handler: functions/getNativeBalance.handler

Next up, it is time to customize the function by adding Moralis’ ”getNativeBalance” functionality. To do so, navigate back to ”getNativeBalance.js” and start by adding the Moralis requirements: 

const Moralis = require('moralis').default;

You can then add the code snippet below to initialize Moralis using your Web3 API key specified as an environment variable: 

const startMoralis = async () => {
  await Moralis.start({
    apiKey: process.env.MORALIS_API_KEY
  });
};

startMoralis();

Lastly, replace the entire ”module.exports.handler” with the code below to implement the desired SDK method: 

module.exports.handler = async (event) => {
  // Get native balance
  const nativeBalance = await Moralis.EvmApi.balance.getNativeBalance({
    address: event.address,
    chain: event.chain
  });

  // Format the native balance formatted in ether via the .ether getter
  const nativeBalanceEther = nativeBalance.result.balance.ether;
  
  return {
    result: nativeBalanceEther
  }
};

Ultimately, your ”getNativeBalance.js” file should now look something like this: 

'use strict';
const Moralis = require('moralis').default;

const startMoralis = async () => {
  await Moralis.start({
    apiKey: process.env.MORALIS_API_KEY
  });
};

startMoralis();

module.exports.handler = async (event) => {
  // Get native balance
  const nativeBalance = await Moralis.EvmApi.balance.getNativeBalance({
    address: event.address,
    chain: event.chain
  });

  // Format the native balance formatted in ether via the .ether getter
  const nativeBalanceEther = nativeBalance.result.balance.ether;
  
  return {
    result: nativeBalanceEther
  }
};

That covers the initial ”getNativeBalance” function. Let us follow the same procedure to implement the ”getWalletNfts” function in the following subsection! 

The getWalletNfts Function

For this function, you need to start by creating a new file in the ”functions” folder. In this case, let us call the folder ”getWalletNfts.js”: 

Creating a folder called getWalletNfts.js inside VSC.

From there, open the ”serverless.yml” file and add the following code in the ”functions” section: 

getWalletNfts:
    handler: functions/getWalletNfts.handler
Showing the handler function.

Lastly, complete the ”getWalletNfts” function by adding the following code to the ”getWalletNfts.js” file: 

'use strict';
const Moralis = require('moralis').default;

const startMoralis = async () => {
  await Moralis.start({
    apiKey: process.env.MORALIS_API_KEY,
  });
};

startMoralis();

module.exports.handler = async (event) => {
  // Get wallet NFTs
  const nfts = await Moralis.EvmApi.nft.getWalletNFTs({
    address: event.address,
    chain: event.chain,
    limit: 10
  });

  return {
    result: JSON.stringify(nfts)
  }
};

That’s it for this AWS Lambda NodeJS tutorial! If you followed along this far, you now know how to integrate a NodeJS SDK with Lambda using Moralis! 

However, you should conduct a local test to ensure everything works as intended. What’s more, once you are happy with the application, you should deploy it to Lambda. Consequently, we will dedicate the final section of this tutorial to showing you how these processes work!

Concluding the AWS Lambda NodeJS Tutorial – Testing and Deploying

To begin with, you want to run a local test to ensure that your Lambda application works as intended. As such, we will dedicate the initial part of this section to showing you how to test your Lambda functions locally!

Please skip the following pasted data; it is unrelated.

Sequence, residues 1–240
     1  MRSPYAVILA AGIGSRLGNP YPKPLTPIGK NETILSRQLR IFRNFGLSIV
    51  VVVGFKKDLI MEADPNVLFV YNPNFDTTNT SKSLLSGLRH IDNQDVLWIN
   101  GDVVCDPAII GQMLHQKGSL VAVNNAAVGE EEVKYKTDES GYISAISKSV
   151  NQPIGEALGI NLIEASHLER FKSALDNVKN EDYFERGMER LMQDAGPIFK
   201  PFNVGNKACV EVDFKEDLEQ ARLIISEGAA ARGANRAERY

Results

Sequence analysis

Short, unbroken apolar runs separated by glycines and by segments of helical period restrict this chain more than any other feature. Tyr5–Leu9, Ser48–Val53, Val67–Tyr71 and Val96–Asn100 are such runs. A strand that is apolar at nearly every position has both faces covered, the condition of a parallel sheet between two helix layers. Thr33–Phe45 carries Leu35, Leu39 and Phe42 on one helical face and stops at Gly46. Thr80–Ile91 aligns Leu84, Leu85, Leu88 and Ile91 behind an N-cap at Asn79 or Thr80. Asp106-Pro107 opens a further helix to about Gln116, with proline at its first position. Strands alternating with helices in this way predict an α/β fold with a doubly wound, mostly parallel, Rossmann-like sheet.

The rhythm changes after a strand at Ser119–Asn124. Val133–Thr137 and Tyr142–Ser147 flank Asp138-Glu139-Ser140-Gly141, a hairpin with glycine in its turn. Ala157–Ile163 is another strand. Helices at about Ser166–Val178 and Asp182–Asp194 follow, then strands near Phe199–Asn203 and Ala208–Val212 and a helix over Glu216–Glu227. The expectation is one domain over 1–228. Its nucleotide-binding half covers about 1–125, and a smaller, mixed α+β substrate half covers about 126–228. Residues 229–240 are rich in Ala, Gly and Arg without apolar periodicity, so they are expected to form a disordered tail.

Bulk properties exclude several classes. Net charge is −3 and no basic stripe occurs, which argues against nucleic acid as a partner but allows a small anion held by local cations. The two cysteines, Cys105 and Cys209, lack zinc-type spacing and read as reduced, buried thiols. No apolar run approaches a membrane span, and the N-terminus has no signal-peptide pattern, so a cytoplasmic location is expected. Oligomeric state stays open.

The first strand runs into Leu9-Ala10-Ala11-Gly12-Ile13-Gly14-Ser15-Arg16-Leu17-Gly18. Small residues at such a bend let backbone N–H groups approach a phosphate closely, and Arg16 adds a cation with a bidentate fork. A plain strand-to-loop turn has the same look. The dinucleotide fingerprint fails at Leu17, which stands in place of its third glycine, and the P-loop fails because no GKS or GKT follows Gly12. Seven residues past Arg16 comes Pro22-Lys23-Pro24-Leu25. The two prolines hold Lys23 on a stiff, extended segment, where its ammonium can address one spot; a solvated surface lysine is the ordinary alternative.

Let us start by creating a new file called ”event.json” in the project’s root folder: 

Creating a new file called ”event.json” in the project’s root folder.

You can then add an ”address” and ”chain” as parameters. It can look something like this: 

{
    "address": "0x99EXAMPLEADDRESS",
    "chain": "chain_id"
}

However, as you can see from the code snippet, you need to add the wallet address from which you want the balances and the ID of the chain you want to query. From there, you can test the functions, and as an example, input the following into the terminal to test the ”getNativeBalance” function:

serverless invoke -f getNativeBalance --path event.json

If the test is successful, it should return a message similar to the one below: 

Message returned showing project's folder.

Now that you have made sure that everything works fine, all that remains is deploying your project to AWS. To do so, make sure you are in your project’s root folder and run the following command in the terminal: 

serverless deploy

If the deployment is successful, you should receive a message similar to this one in return: 

Message stating service deployed to stack.

Congratulations; you have now successfully built and deployed a Lambda application with multiple functions! 

If you experience any trouble at any point, check out the AWS Lambda documentation for this tutorial. You can also join the Moralis Discord community to receive assistance from our community engineers if any questions remain! 

Summary – AWS Lambda NodeJS Tutorial

This article provided an example of how to integrate a NodeJS SDK with AWS Lambda. To illustrate the process, you learned how to integrate Moralis’ NodeJS SDK with Lambda by creating a straightforward application with multiple functions in only three steps: 

  1. Prerequisites 
  2. AWS Credential Configuration and Project Setup
  3. Developing the App

If you followed along during this AWS Lambda NodeJS example, you now know how to create, test, deploy, and run Web3 functions using Lambda and Moralis’ NodeJS SDK! As such, you can now use the same principles to run JavaScript functions via Lambda in the future, which will prove helpful in your Web3 development endeavors! 

If you found this article helpful, you have additional content to explore here at Moralis’ Web3 blog. For example, check out our articles on AWS Lambda and what it is used for or Web3 for business if you want to integrate Web3 infrastructure into your enterprise! 

What’s more, you should also know that Moralis bridges the gap between Web2 and Web3 development! As such, sign up with Moralis straight away to leverage the power of blockchain technology to its full potential and access a more seamless developer experience! 

November 18, 2022